WEST Oxford was this weekend treated to a community arts project celebrating the links between the local community and its nearby river.

The 'Midsummer meander' saw more than 20 pieces of work placed around a 'window wanderland', which included venues in Botley Road, Bridge Street, South Street and Abbey Road, on Saturday and Sunday.

Funded by a wider £9,900 National Lottery Heritage Fund grant, the trail kicked off a year-long set of river-themed activities in the area.

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The community was invited to contribute to the free event – enjoyed by around 300 people – which featured a 'plastic waste river life' work made by students at West Oxford Community Primary School with local artist Groovy Su.

Those were displayed at Osney Island's Osney Lock Hydro - the first community owned hydro on the Thames, that started generating electricity in 2015.

Saskya Huggins, director of the member-owned venue, said: “Our community has been harnessing the power of the river for centuries.

Oxford Mail:

"In medieval times, there were up to a dozen watermills situated on this stretch of the river. The 19th Century saw Oxford’s first electric power station built in West Oxford, burning coal to turn river water into steam to drive the turbines.

"Now we are using the power of the water to generate electricity.”

The arts project was delivered in partnership with local charity Low Carbon West Oxford.

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Mim Saxl, Lead Programme Manager at the environmental organisation, added: “The project gave local people the chance to learn about the ecology of our river.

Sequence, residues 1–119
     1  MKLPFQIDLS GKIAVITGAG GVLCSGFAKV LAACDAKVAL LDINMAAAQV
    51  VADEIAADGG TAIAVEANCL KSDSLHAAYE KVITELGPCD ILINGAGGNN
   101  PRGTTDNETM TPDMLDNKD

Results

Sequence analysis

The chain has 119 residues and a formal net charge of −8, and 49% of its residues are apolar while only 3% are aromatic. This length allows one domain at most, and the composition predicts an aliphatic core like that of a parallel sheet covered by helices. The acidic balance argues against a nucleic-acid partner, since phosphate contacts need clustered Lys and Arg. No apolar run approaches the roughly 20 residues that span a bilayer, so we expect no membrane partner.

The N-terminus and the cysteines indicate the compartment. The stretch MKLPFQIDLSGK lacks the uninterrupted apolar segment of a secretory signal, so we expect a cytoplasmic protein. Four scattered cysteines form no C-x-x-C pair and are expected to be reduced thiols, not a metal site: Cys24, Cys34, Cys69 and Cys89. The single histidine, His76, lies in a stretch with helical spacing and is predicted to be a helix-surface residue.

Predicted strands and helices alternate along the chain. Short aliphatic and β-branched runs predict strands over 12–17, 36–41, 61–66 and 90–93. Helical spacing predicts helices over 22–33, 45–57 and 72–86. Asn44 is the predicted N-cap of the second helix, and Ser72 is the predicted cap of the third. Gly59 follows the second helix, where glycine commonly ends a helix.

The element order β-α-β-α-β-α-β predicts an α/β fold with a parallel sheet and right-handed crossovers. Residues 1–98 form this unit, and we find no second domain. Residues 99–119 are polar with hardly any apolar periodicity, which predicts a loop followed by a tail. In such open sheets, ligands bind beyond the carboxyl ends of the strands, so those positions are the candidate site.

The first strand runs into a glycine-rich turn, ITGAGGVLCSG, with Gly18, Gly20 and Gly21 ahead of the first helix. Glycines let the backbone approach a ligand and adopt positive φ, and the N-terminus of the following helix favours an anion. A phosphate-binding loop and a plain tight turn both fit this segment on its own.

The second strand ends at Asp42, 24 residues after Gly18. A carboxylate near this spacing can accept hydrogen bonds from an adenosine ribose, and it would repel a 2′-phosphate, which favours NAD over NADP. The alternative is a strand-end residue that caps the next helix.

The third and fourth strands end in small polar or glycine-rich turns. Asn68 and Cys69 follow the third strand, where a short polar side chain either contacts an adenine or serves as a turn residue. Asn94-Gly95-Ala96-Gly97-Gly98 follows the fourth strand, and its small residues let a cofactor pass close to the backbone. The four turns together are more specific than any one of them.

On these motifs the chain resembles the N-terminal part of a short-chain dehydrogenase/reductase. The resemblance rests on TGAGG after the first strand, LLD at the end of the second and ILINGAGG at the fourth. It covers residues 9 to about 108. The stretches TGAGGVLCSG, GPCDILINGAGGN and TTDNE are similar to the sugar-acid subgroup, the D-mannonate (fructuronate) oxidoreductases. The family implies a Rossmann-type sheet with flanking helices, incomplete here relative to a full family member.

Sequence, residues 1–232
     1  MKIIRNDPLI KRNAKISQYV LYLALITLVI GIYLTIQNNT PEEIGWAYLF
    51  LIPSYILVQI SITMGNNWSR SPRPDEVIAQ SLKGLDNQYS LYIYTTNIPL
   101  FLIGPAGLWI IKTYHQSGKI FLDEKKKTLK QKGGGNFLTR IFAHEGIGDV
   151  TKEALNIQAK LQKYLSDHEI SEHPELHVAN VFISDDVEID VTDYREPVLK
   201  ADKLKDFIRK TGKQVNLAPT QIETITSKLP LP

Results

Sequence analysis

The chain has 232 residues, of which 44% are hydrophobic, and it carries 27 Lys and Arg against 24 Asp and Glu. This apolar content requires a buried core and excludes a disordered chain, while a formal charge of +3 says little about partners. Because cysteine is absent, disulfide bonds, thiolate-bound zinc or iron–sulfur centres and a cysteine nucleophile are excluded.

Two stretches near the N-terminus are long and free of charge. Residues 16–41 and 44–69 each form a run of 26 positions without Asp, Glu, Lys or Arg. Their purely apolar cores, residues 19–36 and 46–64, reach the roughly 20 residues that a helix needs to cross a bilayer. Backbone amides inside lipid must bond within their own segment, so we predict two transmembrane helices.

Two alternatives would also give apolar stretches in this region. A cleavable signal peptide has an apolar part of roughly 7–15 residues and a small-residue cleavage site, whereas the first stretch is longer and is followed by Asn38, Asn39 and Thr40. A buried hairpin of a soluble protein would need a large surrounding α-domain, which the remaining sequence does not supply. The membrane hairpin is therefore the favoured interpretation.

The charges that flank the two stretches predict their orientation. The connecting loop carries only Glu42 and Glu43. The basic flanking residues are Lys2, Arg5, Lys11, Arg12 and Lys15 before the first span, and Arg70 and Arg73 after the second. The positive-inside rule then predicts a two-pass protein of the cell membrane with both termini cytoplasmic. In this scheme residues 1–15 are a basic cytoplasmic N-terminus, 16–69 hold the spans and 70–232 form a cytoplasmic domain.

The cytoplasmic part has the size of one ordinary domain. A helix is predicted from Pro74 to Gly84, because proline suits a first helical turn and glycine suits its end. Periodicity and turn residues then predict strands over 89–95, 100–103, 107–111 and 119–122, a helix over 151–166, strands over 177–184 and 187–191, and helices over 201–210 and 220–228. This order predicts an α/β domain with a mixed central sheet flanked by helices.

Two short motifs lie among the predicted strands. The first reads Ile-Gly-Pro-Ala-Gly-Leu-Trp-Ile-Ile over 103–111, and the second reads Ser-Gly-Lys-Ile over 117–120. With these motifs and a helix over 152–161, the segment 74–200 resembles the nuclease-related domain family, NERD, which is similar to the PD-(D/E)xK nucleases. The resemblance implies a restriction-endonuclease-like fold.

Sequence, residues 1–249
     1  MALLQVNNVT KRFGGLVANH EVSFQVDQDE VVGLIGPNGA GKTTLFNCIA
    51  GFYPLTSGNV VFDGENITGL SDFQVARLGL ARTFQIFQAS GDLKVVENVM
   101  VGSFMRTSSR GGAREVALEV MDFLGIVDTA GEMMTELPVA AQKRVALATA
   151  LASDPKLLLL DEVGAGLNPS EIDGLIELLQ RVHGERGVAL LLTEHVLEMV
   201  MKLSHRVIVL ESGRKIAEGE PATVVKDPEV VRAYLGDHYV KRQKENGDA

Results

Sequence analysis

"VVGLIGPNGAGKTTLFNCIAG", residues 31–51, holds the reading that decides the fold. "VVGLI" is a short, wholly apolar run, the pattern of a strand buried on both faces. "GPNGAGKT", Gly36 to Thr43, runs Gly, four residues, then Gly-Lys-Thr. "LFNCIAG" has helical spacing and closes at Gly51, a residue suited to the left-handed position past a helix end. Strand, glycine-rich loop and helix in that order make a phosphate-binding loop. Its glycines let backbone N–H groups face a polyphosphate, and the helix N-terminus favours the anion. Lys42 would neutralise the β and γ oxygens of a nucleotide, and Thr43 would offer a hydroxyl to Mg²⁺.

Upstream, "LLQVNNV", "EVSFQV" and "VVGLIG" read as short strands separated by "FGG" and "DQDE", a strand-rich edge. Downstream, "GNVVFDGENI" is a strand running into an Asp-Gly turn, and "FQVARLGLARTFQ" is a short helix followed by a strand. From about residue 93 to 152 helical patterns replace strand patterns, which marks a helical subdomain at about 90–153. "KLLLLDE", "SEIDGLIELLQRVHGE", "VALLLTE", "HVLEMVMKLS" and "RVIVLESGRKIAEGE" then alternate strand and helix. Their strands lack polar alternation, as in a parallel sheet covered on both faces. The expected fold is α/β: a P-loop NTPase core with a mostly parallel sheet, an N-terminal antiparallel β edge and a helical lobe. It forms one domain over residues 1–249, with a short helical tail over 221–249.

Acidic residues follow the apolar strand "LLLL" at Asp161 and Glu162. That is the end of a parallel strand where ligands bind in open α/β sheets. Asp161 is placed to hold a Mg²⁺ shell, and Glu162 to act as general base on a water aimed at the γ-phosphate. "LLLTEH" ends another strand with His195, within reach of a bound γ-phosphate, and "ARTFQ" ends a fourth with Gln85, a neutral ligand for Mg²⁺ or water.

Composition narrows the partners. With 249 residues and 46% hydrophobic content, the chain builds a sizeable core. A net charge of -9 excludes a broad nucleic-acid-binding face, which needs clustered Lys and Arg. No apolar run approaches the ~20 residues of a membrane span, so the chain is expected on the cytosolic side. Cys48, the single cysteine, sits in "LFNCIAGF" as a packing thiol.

"Our local streams and river are home to a whole host of species of fish, as well as otters, kingfishers, herons and more.

"We are really looking forward to working with the local community to discover its hidden depths."

Oxford Mail:

Other work included a series of 'ENOUGH' installations to echo the original red letters used during the 2007 floods, including one made from plastic collected from the local river, on display at Tumbling Bay Cafe and a river-themed graffiti board at West Oxford Community Association.

The lottery money is for a wider project called 'Osney Lock Hydro: Unlocking The Power of Our River', which aims to 'celebrate the links between the local history of energy generation in West Oxford, and the local and global environment'.

Oxford Mail:

The project's second phase will take inspiration from local species, to create a human sundial featuring local plants and animals, which will be installed in the summer of 2020.

The lock already incorporates a fish pass, making the section of the river freely passable to fish for the first time in 200 years.

Mrs Huggins said the venue was 'thrilled' with the grant and that it provided a chance "to explore interconnectedness between our industrial and natural heritage."